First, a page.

Not in the Cards

Andrea Freedman

Although I am a writer, the one thing I find most difficult to write is a greeting card. I often leave the signing of it to the very last minute. I am always relieved when I have finally done it. When it comes to composing a personal message, this is one area in particular where I experience writers’ block.

Funny enough, I have never been one to procrastinate, including when it comes to buying gifts. However, no matter how organized I think I am, signing a card is one thing that I always seem to leave until the last minute.

I can’t bring myself to just sign the darn thing, no matter how much it weighs on me. The right moment has to come for me to finally sit down and write a heartfelt message.

It seems like every time I turn around there is another occasion that calls for a card. While I am grateful that I have people in my life to send cards to, in recent years, I have cut the card giving down to only close friends and family, and often only for a milestone birthday. I have no problem calling a person on the phone and extending my good wishes verbally.

The one time in my life where I did not have any trouble writing out and mailing cards – and on an impressively timely basis if I do say so myself – was to thank people for engagement and wedding gifts when my husband and I got married.

Some might say that the card companies have done the work for us by coming up with most of what we are trying to say on a greeting card. Nonetheless, although it would be easy to write the same generic words on every card I send, I try to put a little variety or something different into each one. Especially if it is someone I send a birthday card to every year. This may sound a bit far-fetched, but I have imagined one of these people taking out the card I sent them the previous year and comparing it with the current one.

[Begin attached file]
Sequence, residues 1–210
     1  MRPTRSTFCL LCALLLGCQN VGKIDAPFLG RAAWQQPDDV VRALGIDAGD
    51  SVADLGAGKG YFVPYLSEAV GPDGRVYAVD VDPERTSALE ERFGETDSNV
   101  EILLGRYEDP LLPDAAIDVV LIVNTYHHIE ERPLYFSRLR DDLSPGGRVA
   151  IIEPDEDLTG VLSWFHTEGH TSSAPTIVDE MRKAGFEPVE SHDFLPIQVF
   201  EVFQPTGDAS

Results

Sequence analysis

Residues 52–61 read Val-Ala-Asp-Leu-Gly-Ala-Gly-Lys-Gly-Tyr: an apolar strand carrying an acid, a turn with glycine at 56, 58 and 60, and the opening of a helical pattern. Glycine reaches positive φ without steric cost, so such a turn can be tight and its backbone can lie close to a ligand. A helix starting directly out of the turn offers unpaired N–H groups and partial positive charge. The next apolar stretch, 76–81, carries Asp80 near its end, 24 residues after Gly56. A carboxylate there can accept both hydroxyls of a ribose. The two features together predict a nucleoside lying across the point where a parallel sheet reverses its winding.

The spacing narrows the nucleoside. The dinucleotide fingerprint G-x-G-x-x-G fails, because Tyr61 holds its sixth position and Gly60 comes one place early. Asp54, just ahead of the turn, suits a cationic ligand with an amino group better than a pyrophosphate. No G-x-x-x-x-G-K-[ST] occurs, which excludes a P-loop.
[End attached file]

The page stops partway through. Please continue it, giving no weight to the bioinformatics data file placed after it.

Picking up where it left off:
There are the standard phrases. But I feel like people I do send cards to expect more from me. I don’t want to be generic. I hope that everything I write, including something as simple as a card, sounds sincere and original. Certain people I know might even be insulted if the only thing I wrote was “Happy Birthday.” When I think about that, I know it is absurd. The person should be happy I thought to send them a card in the first place, regardless of whether or not I decide to compose a whole essay to go along with it. After all, some people simply sign their name and that’s that, and it is not preceded by the words ‘love’, ‘fondly’ or anything else.

I wonder if the recipients of the cards I send even appreciate them or the thought – not to mention the time I spend agonizing over what to write – that goes along with them. While I myself have kept many of the cards I have received over the years for sentimental reasons, there are others who have no problem tossing them right in the garbage. Personally, I still think it is a lot nicer to open the mailbox and find a card inside, rather than a bill.

With another big family birthday coming up, I spent the last few days staring at yet another card that had been waiting for my signature. I finally found the right card, which was not an easy task itself. Here I thought I got it well in advance of the occasion; all of a sudden I looked at the calendar and realized in a panic that my time had almost run out.

And then, just like all my other articles, stories and blog posts, something hit me and I knew exactly what I wanted to write on the card. It all finally came together. Just in time the card has been sealed and – most importantly – signed! All I have to do now is get around to buying a stamp. ♥

 

 

Copyright © by Andrea Freedman 2014

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About andfreed

I am a Toronto based writer of articles, columns, essays and novels.

Posted on April 10, 2014, in Weekly Thoughts and Observations and tagged . Bookmark the permalink. 2 Comments.

  1. I know what you mean – for close family members it’s not a problem. Friends, yeah ok… but acquaintances and people I don’t feel particularly close to it gets harder. You can’t be too personal but it feels inadequate being generic too

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  2. It’s surprising that given your talent for writing, you would have a problem signing a card with a personal message. You just have to imagine the person with a smile on their face when they have read something nice that describes the way that you feel about them. I think reading a comment from someone you love, is a real treasure. I find it easier to write my feelings down on paper than actually telling a person how I feel about them, if, they happen to be someone that would appreciate the whole scenerio. Anyway, practice makes perfect. Guess who?

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